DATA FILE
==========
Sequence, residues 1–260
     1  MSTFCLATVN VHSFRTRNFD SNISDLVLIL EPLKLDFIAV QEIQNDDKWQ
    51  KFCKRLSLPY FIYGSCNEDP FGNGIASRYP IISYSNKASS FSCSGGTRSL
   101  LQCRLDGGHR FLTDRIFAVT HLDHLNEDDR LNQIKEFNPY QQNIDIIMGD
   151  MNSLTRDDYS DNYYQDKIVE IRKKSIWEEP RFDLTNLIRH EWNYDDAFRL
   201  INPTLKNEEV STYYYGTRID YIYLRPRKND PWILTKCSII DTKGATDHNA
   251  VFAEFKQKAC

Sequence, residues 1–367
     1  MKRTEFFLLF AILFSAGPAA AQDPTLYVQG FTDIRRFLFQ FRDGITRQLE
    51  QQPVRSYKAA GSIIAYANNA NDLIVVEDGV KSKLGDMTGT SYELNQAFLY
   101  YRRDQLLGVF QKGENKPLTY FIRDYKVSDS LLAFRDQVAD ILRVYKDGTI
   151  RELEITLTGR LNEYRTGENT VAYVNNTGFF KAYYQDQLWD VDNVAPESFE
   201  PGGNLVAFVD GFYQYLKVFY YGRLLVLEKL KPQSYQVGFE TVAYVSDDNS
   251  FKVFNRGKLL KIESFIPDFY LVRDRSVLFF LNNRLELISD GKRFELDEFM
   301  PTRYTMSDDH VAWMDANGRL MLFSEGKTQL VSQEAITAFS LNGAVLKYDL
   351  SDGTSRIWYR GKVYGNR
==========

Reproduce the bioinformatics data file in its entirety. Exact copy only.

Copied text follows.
Sequence, residues 1–260
     1  MSTFCLATVN VHSFRTRNFD SNISDLVLIL EPLKLDFIAV QEIQNDDKWQ
    51  KFCKRLSLPY FIYGSCNEDP FGNGIASRYP IISYSNKASS FSCSGGTRSL
   101  LQCRLDGGHR FLTDRIFAVT HLDHLNEDDR LNQIKEFNPY QQNIDIIMGD
   151  MNSLTRDDYS DNYYQDKIVE IRKKSIWEEP RFDLTNLIRH EWNYDDAFRL
   201  INPTLKNEEV STYYYGTRID YIYLRPRKND PWILTKCSII DTKGATDHNA
   251  VFAEFKQKAC

Sequence, residues 1–367
     1  MKRTEFFLLF AILFSAGPAA AQDPTLYVQG FTDIRRFLFQ FRDGITRQLE
    51  QQPVRSYKAA GSIIAYANNA NDLIVVEDGV KSKLGDMTGT SYELNQAFLY
   101  YRRDQLLGVF QKGENKPLTY FIRDYKVSDS LLAFRDQVAD ILRVYKDGTI
   151  RELEITLTGR LNEYRTGENT VAYVNNTGFF KAYYQDQLWD VDNVAPESFE
   201  PGGNLVAFVD GFYQYLKVFY YGRLLVLEKL KPQSYQVGFE TVAYVSDDNS
   251  FKVFNRGKLL KIESFIPDFY LVRDRSVLFF LNNRLELISD GKRFELDEFM
   301  PTRYTMSDDH VAWMDANGRL MLFSEGKTQL VSQEAITAFS LNGAVLKYDL
   351  SDGTSRIWYR GKVYGNR